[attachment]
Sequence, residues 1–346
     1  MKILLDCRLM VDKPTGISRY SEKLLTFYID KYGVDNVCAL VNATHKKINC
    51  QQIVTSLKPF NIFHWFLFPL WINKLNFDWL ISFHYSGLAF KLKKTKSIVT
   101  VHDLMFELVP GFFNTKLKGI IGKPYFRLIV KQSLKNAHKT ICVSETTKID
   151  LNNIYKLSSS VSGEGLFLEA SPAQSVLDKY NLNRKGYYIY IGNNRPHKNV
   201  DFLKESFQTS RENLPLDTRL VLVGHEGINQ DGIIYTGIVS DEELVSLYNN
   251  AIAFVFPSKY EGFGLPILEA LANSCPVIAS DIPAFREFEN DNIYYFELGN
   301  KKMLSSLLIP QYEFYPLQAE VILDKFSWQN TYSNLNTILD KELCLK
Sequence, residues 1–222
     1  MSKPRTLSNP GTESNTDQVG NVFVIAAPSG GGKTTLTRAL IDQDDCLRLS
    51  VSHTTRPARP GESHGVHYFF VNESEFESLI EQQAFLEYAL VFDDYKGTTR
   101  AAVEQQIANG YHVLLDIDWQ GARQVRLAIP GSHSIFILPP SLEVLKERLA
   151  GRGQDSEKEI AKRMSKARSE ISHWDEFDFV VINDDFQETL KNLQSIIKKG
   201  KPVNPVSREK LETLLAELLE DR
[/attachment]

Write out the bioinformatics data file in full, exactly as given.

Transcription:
Sequence, residues 1–346
     1  MKILLDCRLM VDKPTGISRY SEKLLTFYID KYGVDNVCAL VNATHKKINC
    51  QQIVTSLKPF NIFHWFLFPL WINKLNFDWL ISFHYSGLAF KLKKTKSIVT
   101  VHDLMFELVP GFFNTKLKGI IGKPYFRLIV KQSLKNAHKT ICVSETTKID
   151  LNNIYKLSSS VSGEGLFLEA SPAQSVLDKY NLNRKGYYIY IGNNRPHKNV
   201  DFLKESFQTS RENLPLDTRL VLVGHEGINQ DGIIYTGIVS DEELVSLYNN
   251  AIAFVFPSKY EGFGLPILEA LANSCPVIAS DIPAFREFEN DNIYYFELGN
   301  KKMLSSLLIP QYEFYPLQAE VILDKFSWQN TYSNLNTILD KELCLK
Sequence, residues 1–222
     1  MSKPRTLSNP GTESNTDQVG NVFVIAAPSG GGKTTLTRAL IDQDDCLRLS
    51  VSHTTRPARP GESHGVHYFF VNESEFESLI EQQAFLEYAL VFDDYKGTTR
   101  AAVEQQIANG YHVLLDIDWQ GARQVRLAIP GSHSIFILPP SLEVLKERLA
   151  GRGQDSEKEI AKRMSKARSE ISHWDEFDFV VINDDFQETL KNLQSIIKKG
   201  KPVNPVSREK LETLLAELLE DR